Natural disasters can cause upheaval in many aspects of victims’ lives and this destruction often extends to financial matters. What should otherwise be routine compliance for plan deadlines can prove difficult in these extreme events and the government tends to grant temporary relief in such cases.
The Department of Labor announced Oct. 26th that it has published employee benefit plan compliance guidance and relief for victims of recent Hurricanes Florence and Michael. The relief includes easing of enforcement concerning the rules governing plan loans and distributions, as well as relief regarding filing the Form 5500. This is in conjunction with an earlier October 12th release by the IRS announcing it is granting relief to certain victims in areas of Florida and Georgia that suffered at the hands of these storms. To see the full IRS release and further detail on the relief extensions, visit irs.gov.
Storm victims in the following counties are subject to the extensions:
Bay, Calhoun, Franklin, Gadsden, Gulf, Hamilton, Holmes, Jackson, Jefferson, Leon, Liberty, Madison, Suwannee, Taylor, Wakulla and Washington
Baker, Bleckley, Burke, Calhoun, Colquitt, Crisp, Decatur, Dodge, Dooly, Dougherty, Early, Emanuel, Grady, Houston, Jefferson, Jenkins, Johnson, Laurens, Lee, Macon, Miller, Mitchell, Pulaski, Seminole, Sumter, Terrell, Thomas, Treutlen, Turner, Wilcox, and Worth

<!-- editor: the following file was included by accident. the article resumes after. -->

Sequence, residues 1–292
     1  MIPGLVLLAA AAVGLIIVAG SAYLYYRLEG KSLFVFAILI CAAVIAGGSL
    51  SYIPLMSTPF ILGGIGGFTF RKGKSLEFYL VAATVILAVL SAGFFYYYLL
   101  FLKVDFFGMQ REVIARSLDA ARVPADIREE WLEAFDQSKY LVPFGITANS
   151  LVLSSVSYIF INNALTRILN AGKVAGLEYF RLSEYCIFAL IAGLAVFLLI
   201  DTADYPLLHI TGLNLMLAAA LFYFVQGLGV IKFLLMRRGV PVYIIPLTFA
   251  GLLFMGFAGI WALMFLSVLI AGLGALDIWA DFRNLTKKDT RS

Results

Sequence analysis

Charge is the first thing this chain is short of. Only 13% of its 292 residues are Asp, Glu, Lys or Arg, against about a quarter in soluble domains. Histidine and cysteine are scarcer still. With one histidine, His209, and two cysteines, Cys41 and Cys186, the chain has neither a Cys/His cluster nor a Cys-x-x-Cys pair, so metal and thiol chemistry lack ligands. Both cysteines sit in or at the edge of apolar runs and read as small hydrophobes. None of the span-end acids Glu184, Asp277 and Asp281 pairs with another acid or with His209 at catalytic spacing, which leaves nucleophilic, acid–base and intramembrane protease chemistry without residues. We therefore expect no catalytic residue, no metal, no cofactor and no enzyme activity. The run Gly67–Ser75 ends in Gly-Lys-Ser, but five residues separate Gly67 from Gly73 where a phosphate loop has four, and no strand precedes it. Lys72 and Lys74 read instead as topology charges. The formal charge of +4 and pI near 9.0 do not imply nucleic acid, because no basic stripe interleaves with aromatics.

The DOL also announced that it will not allege a violation of the blackout notice requirements solely on the basis that a fiduciary did not make the required written determination due to Hurricane Florence or Hurricane Michael. If you were subject to these natural disasters, it’s in your best interest to work with your TPA to take advantage of the possible relief offered by the DOL and IRS.
This newsletter is intended to provide general information on matters of interest in the area of qualified retirement plans and is distributed with the understanding that the publisher and distributor are not rendering legal, tax or other professional advice. Readers should not act or rely on any information in this newsletter without first seeking the advice of an independent tax advisor such as an attorney or CPA.